Saturday, December 15, 2012

Book Review: God Loves You

God Loves You: He Always Has, He Always Will. Dr. David Jeremiah. 2012. FaithWords. 320 pages.

I believe this is my first David Jeremiah book to have read. I thought it had some good ideas and messages in it, though I didn't find it a perfect read. (I disagreed with a few sentences here and there.) The chapter titles:

God Is Love
God Loved You Before You Were Born
God Carved His Love in Stone
God's Love Never Quits
God Wrote His Love in Red
God Loves You Even When You Don't Love Him
God Loves You When He's Correcting You
God's Love Will Never Let You Go
God Loves You and Wants You With Him Forever
God's Love Changes Everything.

Each chapter has its own focus. Some chapters focus specifically on one passage of Scripture. There is a chapter, for example, on the ten commandments; another chapter is focused on the prodigal son. Other chapters focus less on one specific passage of Scripture and instead focus on a concept drawn from several places in Scripture. Stories are brought in and incorporated to make the author's point. While I'm not generally a big fan of this in nonfiction, I felt it worked well for the most part. In particular when David Jeremiah shares the ministering heart of Pastor John Harper.

My favorite quotes:
The profound thought of God's love should begin and end your every day. It should define your every goal, your every action. (3)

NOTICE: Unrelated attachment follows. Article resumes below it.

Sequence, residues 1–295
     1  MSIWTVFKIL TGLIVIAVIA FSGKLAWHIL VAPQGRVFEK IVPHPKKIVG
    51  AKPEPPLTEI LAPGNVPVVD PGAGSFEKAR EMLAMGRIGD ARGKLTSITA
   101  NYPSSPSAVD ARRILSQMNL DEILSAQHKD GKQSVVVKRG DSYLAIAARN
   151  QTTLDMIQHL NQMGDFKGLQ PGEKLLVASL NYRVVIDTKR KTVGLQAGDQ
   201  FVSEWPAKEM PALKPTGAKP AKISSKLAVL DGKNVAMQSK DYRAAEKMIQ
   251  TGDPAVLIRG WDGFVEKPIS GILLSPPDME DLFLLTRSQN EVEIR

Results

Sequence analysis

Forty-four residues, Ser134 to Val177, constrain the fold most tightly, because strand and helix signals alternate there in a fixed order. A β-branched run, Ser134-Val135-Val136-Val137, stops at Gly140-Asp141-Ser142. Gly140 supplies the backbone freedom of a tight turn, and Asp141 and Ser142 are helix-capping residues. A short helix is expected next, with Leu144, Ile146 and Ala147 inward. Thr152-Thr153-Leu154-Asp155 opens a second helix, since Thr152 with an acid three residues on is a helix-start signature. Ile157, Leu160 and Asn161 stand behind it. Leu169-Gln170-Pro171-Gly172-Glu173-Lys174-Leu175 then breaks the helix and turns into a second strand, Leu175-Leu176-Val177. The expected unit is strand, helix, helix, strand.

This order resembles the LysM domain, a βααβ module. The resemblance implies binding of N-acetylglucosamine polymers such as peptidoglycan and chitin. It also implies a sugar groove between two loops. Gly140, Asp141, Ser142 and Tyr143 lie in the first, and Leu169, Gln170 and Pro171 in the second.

To begin to understand love, we must begin to understand God. And to begin to understand God, we must begin in no other place than the revelation of His love in the Bible. (6)
You know that God loves you now, but do you realize that He always has--even before you were born? Even before the world was created? He has loved you from the very foundation of time. (29)
Throughout history, millions of words have been written about John 3:16. Yet none of them are necessary to grasp the meaning of the verse. God communicated the heart and meaning of the Gospel--the most profound, far-reaching message of all time--in only twenty-five simple words of English text. When translated into any language, this verse is supremely easy to understand. (118)
John 3:16 opens with a bang, starting not only with God, but with God doing something--God loving. Excuse me--God so loving. The most intense word in this verse is the smallest. Bound up in those two letters, s-o, are all the agonies of the Cross; all the sufferings of the Son as He walked among men; all the exertion of a God willing to leave heaven and take on flesh, not because He simply loved, but because He so loved. Hands that hold us are loving. Nail-scarred hands that hold us are so loving. (123)

© Becky Laney of Operation Actually Read Bible

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